Bank of Kigali Group has reported a 39.28% growth in net profit to KES1.8 billion, driven by an increase in lending and transactions income as well as efficiency gains enabled by the new core banking system.
The bank’s performance in the three months ended March 31 was boosted by a 33.1% growth in non-interest income to KES1.1 billion; reflecting growth in macroeconomic activities helped by continued recovery from the effects of the Covid-19 pandemic.
Net interest income rose by 4.3% to KES3.8 billion, while the loans book grew by 8.8 percent to KES120.1 billion.
“This first quarter performance gives us great confidence and optimism about the entire year 2022, our teams are committed to continue to ensure client satisfaction,” said the BK Group chief executive officer Dr. Diane Karusisi.
Client balances and deposits grew 21.7% to KES115.8 billion in the first quarter, while shareholders’ equity went up 10.8% to KES33.1 billion.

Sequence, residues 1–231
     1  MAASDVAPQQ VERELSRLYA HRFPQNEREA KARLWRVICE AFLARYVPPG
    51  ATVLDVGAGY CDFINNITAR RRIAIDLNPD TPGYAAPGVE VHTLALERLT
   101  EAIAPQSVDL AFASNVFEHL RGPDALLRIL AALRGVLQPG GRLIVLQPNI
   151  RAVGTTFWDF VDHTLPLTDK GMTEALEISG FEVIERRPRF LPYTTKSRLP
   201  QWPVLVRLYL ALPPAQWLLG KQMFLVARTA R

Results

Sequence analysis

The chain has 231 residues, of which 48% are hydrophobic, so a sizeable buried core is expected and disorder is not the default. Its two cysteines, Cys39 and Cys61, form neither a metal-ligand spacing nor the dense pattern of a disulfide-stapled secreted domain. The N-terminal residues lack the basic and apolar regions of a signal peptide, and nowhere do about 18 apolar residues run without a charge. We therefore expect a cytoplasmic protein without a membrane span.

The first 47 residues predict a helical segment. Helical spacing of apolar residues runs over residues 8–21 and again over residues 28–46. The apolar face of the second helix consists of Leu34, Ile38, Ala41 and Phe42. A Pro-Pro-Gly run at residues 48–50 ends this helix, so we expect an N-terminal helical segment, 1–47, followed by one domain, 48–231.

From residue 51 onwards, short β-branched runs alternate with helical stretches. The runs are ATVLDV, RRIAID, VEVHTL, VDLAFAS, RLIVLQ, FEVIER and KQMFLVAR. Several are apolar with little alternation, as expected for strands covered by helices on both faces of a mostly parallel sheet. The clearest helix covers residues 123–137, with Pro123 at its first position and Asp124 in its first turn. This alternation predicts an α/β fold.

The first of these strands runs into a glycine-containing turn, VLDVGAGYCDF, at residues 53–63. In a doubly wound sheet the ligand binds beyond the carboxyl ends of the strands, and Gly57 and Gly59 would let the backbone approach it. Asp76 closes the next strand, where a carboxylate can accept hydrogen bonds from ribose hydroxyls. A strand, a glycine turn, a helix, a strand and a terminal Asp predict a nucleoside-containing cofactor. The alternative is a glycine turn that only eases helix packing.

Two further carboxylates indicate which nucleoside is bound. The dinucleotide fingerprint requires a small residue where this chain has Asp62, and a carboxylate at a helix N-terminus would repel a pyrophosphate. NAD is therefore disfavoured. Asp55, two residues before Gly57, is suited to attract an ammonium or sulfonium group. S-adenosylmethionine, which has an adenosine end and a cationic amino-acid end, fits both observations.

Total interest expenses increased by 27.2% to KES1.3 billion in line with the 21.7% growth in Customer deposits to KES115.8 billion and 43.1% growth in deposits from other banks.
Dr. Karusisi noted that the bank’s asset quality continues to improve, with non-performing loans ratio and cost of risk at 5.2% and 0.7% compared to 8.0% and 4.7% respectively in the first quarter of 2021.
The percentage of COVID-19 related loans on moratorium reduced to 1.3% of the gross loans in the first three months of the year from 1.7% in the comparative period last year, indicating wider economic recovery.
The bank’s digitization efforts continued to pay off, as BK Quick’s registered customers grew to 11,841 while the BK IKOFI wallet registered over 1,844 agro-dealer agents and 263,900 registered farmers.
Other group businesses, BK General Insurance, BK TecHouse and BK Capital all reported positive revenue and customer acquisition trends.
“The Financial sector is expected to remain sound with double-digit growth in 2022. BK’s focus remains on non-funded income, deposit mobilization and asset quality improvement,” noted Dr. Karusisi.